Granite Never Forgets: The Lasting Weight of Inscriptions

More

Is carving stones with words the ultimate information medium?

Thumbnail image for Tenner_Granite_5-26_banner.jpg
The Washington Post inverts the cliche "not carved in stone" with a profile of the artist and master stone-cutter Nick Benson, who is inscribing the text of Washington's new Martin Luther King Jr. memorial with a new typeface of his own design. As one of the other carvers explains:

[T]he work is a kind of benign combat between flesh and stone, said co-worker Paul Russo, 45, who displayed his shredded gloves, beat-up hands and fingertips wrapped in duct tape.

"We win" the battle, he said, laughing, "but there's a lot respect for the other participants."

Benson said, "Because stone's so hard, there's this idea that you have to beat it into submission.

"It's actually kind of the opposite," he said. "You do have to move it. And you do have to use a little force to move it. But when it comes to the finish . . . it's a very, very delicate process. And you really have to finesse it."

More proof that calligraphy lives. Benson quotes Shelley's poem "Ozymandias":

"It's really poignant," he said, "especially from a stone carver's point of view ... It's about the fact that time will wash everything away."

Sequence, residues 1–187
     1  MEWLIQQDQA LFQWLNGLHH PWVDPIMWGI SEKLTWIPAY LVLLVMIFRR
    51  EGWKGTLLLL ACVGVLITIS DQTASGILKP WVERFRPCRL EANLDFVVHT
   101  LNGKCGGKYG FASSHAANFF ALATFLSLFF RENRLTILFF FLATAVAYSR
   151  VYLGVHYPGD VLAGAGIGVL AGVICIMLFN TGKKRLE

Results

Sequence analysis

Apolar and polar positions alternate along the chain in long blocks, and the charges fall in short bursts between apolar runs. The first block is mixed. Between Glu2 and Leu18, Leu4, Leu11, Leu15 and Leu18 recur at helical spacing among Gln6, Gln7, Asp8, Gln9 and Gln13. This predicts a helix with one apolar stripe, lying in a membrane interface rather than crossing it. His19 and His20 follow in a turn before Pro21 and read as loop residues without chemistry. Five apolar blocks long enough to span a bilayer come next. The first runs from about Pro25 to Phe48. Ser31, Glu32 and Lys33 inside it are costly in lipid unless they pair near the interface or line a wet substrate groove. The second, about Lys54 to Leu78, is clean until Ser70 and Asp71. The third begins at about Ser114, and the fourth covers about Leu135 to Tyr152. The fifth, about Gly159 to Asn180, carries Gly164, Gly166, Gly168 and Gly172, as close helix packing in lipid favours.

Yes, that's a sad thought—that the centuries even-handedly efface the heritage of the liberator as well as of the tyrant. But it's too modest. From the point of view of Rameses II, monuments and inscriptions worked. Even the broken remains of a single one of his statues was awesome enough to inspire a poem millennia later by one of the greatest English writers ever, itself reprinted, anthologized, and translated for centuries. The point isn't that time degrades inscriptions, but that they last longer than any other form of writing.

Image: Wikimedia Commons

Jump to comments
Presented by

Edward Tenner is a historian of technology and culture, and an affiliate of the Center for Arts and Cultural Policy at Princeton's Woodrow Wilson School. He was a founding advisor of Smithsonian's Lemelson Center.

Get Today's Top Stories in Your Inbox (preview)

Is Technology Shifting Our Moral Compass?

"The experience of taking another human life becomes much more trivial."


Elsewhere on the web

Join the Discussion

After you comment, click Post. If you’re not already logged in you will be asked to log in or register. blog comments powered by Disqus

Video

Juice Cleanses: The Worst Diet

A doctor tries the ever-popular Master Cleanse. Sort of.

Video

Why Did I Study Physics?

Using hand-drawn cartoons to explain an academic passion

Video

What If Emoji Lived Among Us?

A whimsical ad imagines what life would be like if emoji were real.

Video

Living Alone on a Sailboat

"If you think I'm a dirtbag, then you don't understand the lifestyle."

Feature

The Future of Iced Coffee

Are artisan businesses like Blue Bottle doomed to fail when they go mainstream?

Writers

Up
Down

More in Technology

From This Author

Just In